Europe’s EV protectionism will hurt itself
Published: Sep 21, 2023 10:44 PM
Illustration: Xia Qing/GT

Illustration: Xia Qing/GT

Recently, European politicians have been clamoring for anti-subsidy measures against Chinese electric vehicles. The European Commission President Ursula von der Leyen called for a corresponding investigation in her annual State of the Union address, which received positive responses from French Minister for European Affairs Laurence Boone, German Foreign Minister Annalena Baerbock, and Minister for Economic Affairs Robert Habeck. For a while, the specter of trade protectionism seems to have returned to the continent that has been waving the banner of "open markets" for decades.

In recent years, the EU has continuously dressed up its foreign trade policies with concepts such as "fair trade" and "open strategic autonomy." However, in practice, it has continuously promoted restrictive measures in various fields through policy-making and legislative processes, such as formulating "competition rules" and so-called due diligence for supply chains. This time, the EU's argument is that huge state subsidies are distorting the market and "Europe is open for competition. Not for a race to the bottom." 

However, in the eyes of the outside world, the EU wields the tariff stick with its unilaterally determined standards and reasons, using the banner of "fairness" to impose unfair measures on enterprises and products of other countries, essentially aiming to protect its domestic companies and market. Meanwhile, the EU and some member states are vigorously implementing subsidy policies. For example, issued in February, the EU's "Green Deal Industrial Plan" significantly relaxes the regulation of industrial subsidies, and the French government's "Green Industry Act" proposes tax exemptions of 20 percent to 45 percent for renewable energy equipment, heat pumps and battery manufacturers.

In fact, the so-called actions of the EU are more driven by concerns over the impact of China's electric vehicle industry on its traditional fuel-powered car industry. European car companies have invested heavily in traditional car technology and industry centered on internal combustion engines, making it difficult for them to adapt to the massive industrial transformation brought about by the revolution of electric vehicles, hence their call for political measures. Tu Le, the founder of Sino Auto Insights, stated that the EU's initiation of the investigation "says as much about the lack of competitiveness of European EVs." 

On the other hand, the EU's investigation into "distorting market subsidies" targeting Chinese electric vehicles is completely unfounded and untenable. Chinese companies began investing in electric vehicle research and development and industrial investment as early as 15 years ago and have benefited from China's high-quality development process, relying on continuous independent innovation, a comprehensive industry chain system, and a large domestic market. In 2022, China's electric vehicle market will account for 59 percent of the global market. At the same time, the claim that Chinese car companies are distorting the European electric vehicle market is a complete lie. In 2022, the market share of Chinese electric vehicles in the EU was only about eight percent.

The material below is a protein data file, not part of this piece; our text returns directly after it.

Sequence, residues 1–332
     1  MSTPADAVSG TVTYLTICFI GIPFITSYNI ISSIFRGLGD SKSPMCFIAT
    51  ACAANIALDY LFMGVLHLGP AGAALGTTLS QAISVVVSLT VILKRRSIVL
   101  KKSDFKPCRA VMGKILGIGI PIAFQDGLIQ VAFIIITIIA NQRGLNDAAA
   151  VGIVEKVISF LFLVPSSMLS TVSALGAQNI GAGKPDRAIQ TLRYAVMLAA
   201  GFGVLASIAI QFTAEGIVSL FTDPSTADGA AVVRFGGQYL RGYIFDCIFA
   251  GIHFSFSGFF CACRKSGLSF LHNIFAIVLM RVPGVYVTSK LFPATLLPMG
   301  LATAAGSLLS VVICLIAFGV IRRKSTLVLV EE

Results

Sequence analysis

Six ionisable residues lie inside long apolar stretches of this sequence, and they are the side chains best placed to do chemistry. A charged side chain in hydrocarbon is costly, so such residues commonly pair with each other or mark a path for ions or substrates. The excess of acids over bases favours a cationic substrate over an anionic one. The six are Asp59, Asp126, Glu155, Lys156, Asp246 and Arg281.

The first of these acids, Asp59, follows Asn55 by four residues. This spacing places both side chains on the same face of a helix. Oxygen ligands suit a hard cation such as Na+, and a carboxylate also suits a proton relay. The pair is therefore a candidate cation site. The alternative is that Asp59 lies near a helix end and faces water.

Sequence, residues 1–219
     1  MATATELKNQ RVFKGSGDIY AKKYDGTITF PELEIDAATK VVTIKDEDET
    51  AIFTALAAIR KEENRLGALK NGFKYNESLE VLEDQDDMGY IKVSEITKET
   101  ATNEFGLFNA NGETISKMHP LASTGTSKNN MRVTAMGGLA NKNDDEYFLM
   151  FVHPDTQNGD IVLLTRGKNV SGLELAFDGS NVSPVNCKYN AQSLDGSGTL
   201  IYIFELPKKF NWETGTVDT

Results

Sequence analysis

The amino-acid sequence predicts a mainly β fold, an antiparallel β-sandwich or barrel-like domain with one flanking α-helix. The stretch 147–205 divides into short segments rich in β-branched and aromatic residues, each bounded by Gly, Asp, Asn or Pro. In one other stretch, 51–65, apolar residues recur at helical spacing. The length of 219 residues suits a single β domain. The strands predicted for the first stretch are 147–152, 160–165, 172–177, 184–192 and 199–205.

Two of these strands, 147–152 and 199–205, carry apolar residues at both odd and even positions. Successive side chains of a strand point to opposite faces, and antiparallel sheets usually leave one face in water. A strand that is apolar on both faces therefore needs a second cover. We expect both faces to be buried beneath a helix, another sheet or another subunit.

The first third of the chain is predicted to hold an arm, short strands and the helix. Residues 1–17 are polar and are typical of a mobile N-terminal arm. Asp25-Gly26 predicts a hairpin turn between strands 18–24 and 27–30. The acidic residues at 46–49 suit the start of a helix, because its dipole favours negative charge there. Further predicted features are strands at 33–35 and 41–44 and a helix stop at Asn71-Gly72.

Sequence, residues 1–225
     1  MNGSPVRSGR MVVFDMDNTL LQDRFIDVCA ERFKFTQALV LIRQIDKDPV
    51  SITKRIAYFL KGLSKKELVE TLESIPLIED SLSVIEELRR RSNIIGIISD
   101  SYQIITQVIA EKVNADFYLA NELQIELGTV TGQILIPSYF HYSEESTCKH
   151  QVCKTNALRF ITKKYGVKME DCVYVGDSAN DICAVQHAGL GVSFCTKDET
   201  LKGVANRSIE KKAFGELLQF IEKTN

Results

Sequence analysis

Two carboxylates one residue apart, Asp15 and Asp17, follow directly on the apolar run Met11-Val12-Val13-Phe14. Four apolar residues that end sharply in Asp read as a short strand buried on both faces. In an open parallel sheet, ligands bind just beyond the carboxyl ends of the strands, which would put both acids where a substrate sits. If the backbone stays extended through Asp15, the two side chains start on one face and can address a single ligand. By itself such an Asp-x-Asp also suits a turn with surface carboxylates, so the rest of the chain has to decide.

The European industry itself has also expressed opposition and concerns about resorting to protectionist measures to seek competitiveness. Ola Kaellenius, CEO of Mercedes-Benz, stated that "if we look at the success of the WTO over the last 30 years, globalization, reducing trade barriers and promoting free trade have driven an enormous amount of economic growth and wealth generation," and companies oppose using political means to undermine the system centered around WTO rules.

For the EU, the pursuit of so-called trade fairness through protective measures is likely to backfire. In recent years, the EU has implemented various measures in the field of trade with China, not out of genuine economic considerations but rather as a result of its increasing emphasis on China as an economic and systemic competitor and adversary. These actions, driven by political bias, are bound to create a gap between the vision of cooperation and mutual benefit among enterprises. From the perspective of current industry development, the EU's initiation of anti-subsidy investigations against China is baseless and will only unilaterally increase the risk of trade disputes and escalate tensions between China and the EU. 

The visit of Valdis Dombrovskis, Executive Vice-President of the European Commission, to China for the high-level EU-China economic and trade dialogue reflects the EU's desire to continue dialogue with China in the economic and trade fields. However, at the same time, the EU is preparing unilateral measures against China's electric vehicle industry, which is likely to raise doubts about its sincerity. The EU should realize that hoping to gain an advantage through "playing cards" and creating leverage will not bring benefits to the game but rather push the existing mutually beneficial relationship between the two sides toward a worse future, ultimately imposing unnecessary costs on its own economy and even its green transformation process.

The author is a research fellow with the Institute of European Studies, China Institutes of Contemporary International Relations. opinion@globaltimes.com.cn